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Students Silently Protest Leahy at Christmas Tree Lighting Ceremony

As Boston College President William Leahy, S.J. , delivered remarks at the annual Christmas Tree Lighting Ceremony at O’Neill Plaza on Tuesday night, he was met with a silent demonstration of graduate and undergraduate students critical of what they consider to be the administration’s silence on multiple issues impacting the university community.

The Christmas Tree Lighting Ceremony, organized by the Campus Activities Board (CAB), is an annual celebration of the holiday season that includes music, games, trivia, free hot cocoa, winter giveaways, and performances from various student groups.

After two hours of student performances, Fr. Leahy took the stage at 6 p.m. for a brief statement before lighting the tree.

“As we gather here tonight in this plaza in front of O’Neill, one of the things that I hope we do is think about how we have been blessed, and also that we are called to be people who bring light to the world — that we bring our gifts, our hopes, and our dreams, and that we share those,” said Fr. Leahy. “I invite you to take a look to our left and consider how we can be, in the next month as we move toward Christmas, a light to the world.”

As Fr. Leahy spoke, approximately twenty graduate and undergraduate students silently protested by holding up signs and wearing tape over their mouths. Messages on their signs included, “Would Jesus have stayed silent?” and “No such thing as neutrality— #BCTakeAStand.”

Among the demonstrators were members of the Boston College Graduate Employee Union - UAW (BCGEU-UAW), which became the official representative of graduate student workers at BC following an election in September.

Although the majority of graduate students voted in favor of unionization, the BC administration has appealed the National Labor Relations Board (NLRB) decision that guarantees the right of graduate student workers to unionize.

Since then, BCGEU-UAW has continued to assert its right to unionize and organized two rallies calling for the administration to drop the appeal on Oct. 17 and Nov. 8.

“We successfully had an election this year, so the university is supposed to recognize us and come to the bargaining table, but thus far they have refused to do so,” said graduate student worker Bryn Spielvogel.  

“For that reason, it seemed important to get the attention of the university in some way, to tell them that we are not going away,” continued Spielvogel. “There are a lot of other issues that the administration has stayed silent on that are very important to address. When we have the opportunity to see the president, who oftentimes is not visible on campus, it means that we need to try to get his attention.”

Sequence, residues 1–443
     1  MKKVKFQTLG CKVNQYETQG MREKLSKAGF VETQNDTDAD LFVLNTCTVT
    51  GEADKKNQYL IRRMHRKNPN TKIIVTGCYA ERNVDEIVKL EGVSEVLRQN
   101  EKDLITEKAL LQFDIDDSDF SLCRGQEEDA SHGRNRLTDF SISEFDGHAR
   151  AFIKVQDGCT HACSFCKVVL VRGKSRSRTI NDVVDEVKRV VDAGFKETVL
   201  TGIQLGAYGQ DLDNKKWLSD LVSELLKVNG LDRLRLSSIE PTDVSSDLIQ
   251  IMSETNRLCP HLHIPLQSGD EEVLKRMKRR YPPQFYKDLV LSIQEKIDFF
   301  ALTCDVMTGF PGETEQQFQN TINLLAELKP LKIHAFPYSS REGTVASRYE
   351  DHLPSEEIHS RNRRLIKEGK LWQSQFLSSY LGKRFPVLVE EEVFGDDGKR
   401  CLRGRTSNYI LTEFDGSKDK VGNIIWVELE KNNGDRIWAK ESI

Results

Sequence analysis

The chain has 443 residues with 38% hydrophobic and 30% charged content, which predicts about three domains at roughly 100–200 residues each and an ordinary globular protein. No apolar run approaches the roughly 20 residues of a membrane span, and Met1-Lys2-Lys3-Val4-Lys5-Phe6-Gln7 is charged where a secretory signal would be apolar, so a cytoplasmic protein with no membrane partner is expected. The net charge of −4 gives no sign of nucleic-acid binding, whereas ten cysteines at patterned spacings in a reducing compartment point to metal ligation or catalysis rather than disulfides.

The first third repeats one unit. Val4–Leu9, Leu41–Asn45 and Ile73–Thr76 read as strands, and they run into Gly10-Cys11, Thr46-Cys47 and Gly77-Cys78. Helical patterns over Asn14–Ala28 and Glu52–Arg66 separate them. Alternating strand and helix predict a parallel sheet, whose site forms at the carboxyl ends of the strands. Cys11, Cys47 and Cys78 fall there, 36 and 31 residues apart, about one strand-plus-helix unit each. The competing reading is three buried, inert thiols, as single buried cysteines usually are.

According to Spielvogel, the demonstrators were calling for action on a number of issues, including fossil fuel divestment, protections against sexual harassment and assault, racism, and other forms of discrimination, resources for LGBTQ students, the rights of graduate student workers, and revisions to the free speech policy.

“It’s been difficult to have the constructive, meaningful dialogue that then leads to concrete actions by the administration to address these issues and come to solutions that incorporate the voices of the entire BC community, including graduate students, undergraduate students, faculty, and various staff that work on this campus,” said Spielvogel.

Prior to Fr. Leahy’s remarks, BCGEU-UAW passed out flyers to students and faculty that explained why they were there and participating in the silent demonstration.

According to these flyers, the graduate student teachers and researchers are trying to improve their working conditions by establishing contracts with the university which address “livable wages, better health insurance, a parental leave policy, and protections against discrimination and sexual harassment/assault.”

The flyer also asked undergraduates and alumni, graduate student workers, and the rest of the community to sign petitions asking BC to drop the appeal.

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I’m a future elementary teacher who enjoys dabbling in news coverage of politics and social issues on the side.